Hence the week has started with a warning from the World Federation of Advertisers (WFA) that a massive 30% of online marketing budgets are being spent, unwittingly, on fraud. To say it's a huge issue is an understatement. Ultimately, the best part of a billion dollars per week ($45bn per year) is estimated to be wasted on fraud, and that figure is predicted to more than treble to $150bn per year by 2025, if radical action isn't taken.
The rather obvious warning from the WFA is that brands need to build compensation into contracts to ensure they are not picking up the entire tab for fraud -- but also to encourage agencies, networks and vendors to take the advertiser's side and do more to combat fraud. Just think about it for a moment. Fraud isn't anyone else's problem until the guys paying the bill decide it is.
Which brings me on to another point. The body that oversees digital marketing standards in the UK, JICWEBS, has just unveiled guidance for what brands and agencies should look for in a video viewability vendor. Namely, that it should be able to measure how many pixels have been displayed, as a percentage of the total viewing area, before it calculates how long for. The point is that this way the publisher, agency, exchange and brand all know the required 50% of pixels for two seconds standard viewability standard has been reached.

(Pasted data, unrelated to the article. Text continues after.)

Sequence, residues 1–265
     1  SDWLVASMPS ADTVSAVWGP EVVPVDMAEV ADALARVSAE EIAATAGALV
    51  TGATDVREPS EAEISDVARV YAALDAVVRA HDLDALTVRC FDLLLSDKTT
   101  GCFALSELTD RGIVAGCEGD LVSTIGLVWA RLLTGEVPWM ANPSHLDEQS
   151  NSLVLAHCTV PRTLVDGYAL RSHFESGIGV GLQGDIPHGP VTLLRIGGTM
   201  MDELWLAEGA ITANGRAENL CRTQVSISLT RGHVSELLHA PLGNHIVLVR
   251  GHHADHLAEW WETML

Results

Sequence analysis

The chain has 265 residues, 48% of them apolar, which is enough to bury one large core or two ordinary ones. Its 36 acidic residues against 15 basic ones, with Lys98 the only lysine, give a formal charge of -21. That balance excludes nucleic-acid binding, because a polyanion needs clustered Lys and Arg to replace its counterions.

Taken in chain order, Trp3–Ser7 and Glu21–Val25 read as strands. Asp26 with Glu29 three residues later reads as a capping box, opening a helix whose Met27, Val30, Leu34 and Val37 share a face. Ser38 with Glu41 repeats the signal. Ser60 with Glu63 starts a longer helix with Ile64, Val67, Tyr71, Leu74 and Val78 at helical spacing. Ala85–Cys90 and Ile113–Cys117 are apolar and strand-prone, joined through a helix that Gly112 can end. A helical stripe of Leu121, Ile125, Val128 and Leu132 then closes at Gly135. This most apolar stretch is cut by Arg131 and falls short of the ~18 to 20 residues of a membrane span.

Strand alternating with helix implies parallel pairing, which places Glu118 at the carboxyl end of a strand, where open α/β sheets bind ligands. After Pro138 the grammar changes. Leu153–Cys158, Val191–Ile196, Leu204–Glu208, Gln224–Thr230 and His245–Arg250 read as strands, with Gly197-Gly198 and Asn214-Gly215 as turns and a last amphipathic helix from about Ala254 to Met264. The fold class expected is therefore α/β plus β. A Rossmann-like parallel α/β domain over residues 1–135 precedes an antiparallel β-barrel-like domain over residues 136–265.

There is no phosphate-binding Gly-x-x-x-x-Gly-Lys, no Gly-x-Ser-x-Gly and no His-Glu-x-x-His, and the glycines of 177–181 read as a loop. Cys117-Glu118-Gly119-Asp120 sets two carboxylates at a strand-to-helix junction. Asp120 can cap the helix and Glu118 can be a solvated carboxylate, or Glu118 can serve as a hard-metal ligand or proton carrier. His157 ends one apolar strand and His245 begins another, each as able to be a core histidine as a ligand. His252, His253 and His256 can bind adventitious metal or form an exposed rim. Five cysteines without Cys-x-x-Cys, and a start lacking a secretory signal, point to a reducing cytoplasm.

I had to check but I'd presumed this was already enshrined. I would caution against ever criticising any industry body because their work is incredibly granular and involves working with multiple partners, often with conflicting or diverse interests. The point is that this is the first time the guidance has been offered, and it is pretty much saying a vendor must be able to measure what is already established as a video viewability metric and so is already in place. The more interesting aspect of certifying vendors, so brands have third-party verification that their tools work, is likely to come next. Don't expect a stampede, though. Display certification came first and has only been achieved so far by six companies, although more are expected to be announced soon.
So we're back to the beginning. We're only just putting out a statement that brands should be measuring against a standard that is already long-established and the WFA is warning advertisers, as they have been warned many times, that until they start putting fraud at the heart of their contracts, it won't be tackled with the committed effort required.
Is it just me, or were you kind of thinking viewability and fraud are so huge that we had actually progressed a little further than this?